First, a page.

Some studies have suggested that patients with Alzheimer's disease should stop driving. Fox and associates examined the correlation between mental status, neuropsychologic testing and open road driving performance in patients diagnosed with Alzheimer's disease.
Patients were included in the study if they had a diagnosis of probable Alzheimer's disease and wished to continue driving. Patients ranged in age from 59 to 84 years. The average length of time since diagnosis of Alzheimer's disease was four years (range: two to eight years). Each patient underwent an assessment by a physician and a clinical neuropsychologist that included a medical and driving history, administration of the Mini Mental Status Examination (MMSE), a physical examination, and a variety of sensory and motor tests. Visual acuity and visual fields were also tested. Each of the 19 participants then underwent an on-road assessment and was rated on 138 predetermined actions at specific locations along the route. The percentage of correct actions was known as the driving score.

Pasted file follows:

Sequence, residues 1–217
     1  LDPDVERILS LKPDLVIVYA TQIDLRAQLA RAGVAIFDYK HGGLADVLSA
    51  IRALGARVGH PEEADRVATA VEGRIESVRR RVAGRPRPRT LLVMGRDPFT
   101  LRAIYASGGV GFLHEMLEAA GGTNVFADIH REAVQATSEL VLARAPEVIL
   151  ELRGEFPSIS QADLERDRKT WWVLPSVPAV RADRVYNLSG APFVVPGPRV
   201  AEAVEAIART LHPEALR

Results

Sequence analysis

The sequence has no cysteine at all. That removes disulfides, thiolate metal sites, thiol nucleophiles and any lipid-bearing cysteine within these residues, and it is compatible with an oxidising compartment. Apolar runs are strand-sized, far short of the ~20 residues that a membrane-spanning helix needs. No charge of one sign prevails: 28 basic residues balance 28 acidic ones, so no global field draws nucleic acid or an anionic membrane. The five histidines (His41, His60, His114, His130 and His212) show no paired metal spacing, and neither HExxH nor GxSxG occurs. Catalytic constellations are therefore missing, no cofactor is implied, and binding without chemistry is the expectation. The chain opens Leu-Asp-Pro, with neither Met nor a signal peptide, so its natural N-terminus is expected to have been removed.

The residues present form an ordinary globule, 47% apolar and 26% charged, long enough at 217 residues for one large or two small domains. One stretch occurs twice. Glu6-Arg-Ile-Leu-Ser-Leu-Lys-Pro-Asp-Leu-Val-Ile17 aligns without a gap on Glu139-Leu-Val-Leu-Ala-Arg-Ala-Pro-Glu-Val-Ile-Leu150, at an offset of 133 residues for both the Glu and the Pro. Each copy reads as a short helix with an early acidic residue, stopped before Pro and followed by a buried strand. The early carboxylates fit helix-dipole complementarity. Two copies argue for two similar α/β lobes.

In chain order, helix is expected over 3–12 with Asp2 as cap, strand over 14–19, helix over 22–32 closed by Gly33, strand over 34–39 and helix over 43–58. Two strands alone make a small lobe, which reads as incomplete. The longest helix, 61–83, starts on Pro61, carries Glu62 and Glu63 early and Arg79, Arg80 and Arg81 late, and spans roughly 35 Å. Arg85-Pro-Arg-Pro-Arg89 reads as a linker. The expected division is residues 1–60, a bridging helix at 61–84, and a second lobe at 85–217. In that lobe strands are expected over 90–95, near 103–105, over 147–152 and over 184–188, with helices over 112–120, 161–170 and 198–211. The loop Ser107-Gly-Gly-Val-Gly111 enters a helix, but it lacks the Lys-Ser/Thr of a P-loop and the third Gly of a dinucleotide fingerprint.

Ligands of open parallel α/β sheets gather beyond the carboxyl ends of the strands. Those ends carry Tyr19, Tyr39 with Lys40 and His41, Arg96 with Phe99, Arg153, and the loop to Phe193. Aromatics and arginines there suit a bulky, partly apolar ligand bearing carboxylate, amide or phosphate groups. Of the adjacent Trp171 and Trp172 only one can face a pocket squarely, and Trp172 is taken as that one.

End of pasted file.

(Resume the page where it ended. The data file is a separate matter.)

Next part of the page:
Motor and sensory abnormalities were found in only 5.7 percent of patients, and the mean MMSE score was 21.3. The MMSE and the physician's prediction of the driving score were, in fact, associated with the percentage of correct actions on the road test, with significant numbers of patients correctly predicted to pass and to fail the road test (71 percent and 83 percent, respectively). Duration of Alzheimer's disease was not associated with the driving score.
The authors conclude that a diagnosis of Alzheimer's disease alone may not be a good reason to recommend that someone stop driving. However, the progression of this illness mandates frequent reevaluation of driving ability. An objective measure, such as an MMSE, helped physicians predict which patients would not succeed in actual driving situations but was not a sufficient measure in and of itself. An actual standardized driving test provides the best determination of the driving competence of a patient with Alzheimer's disease.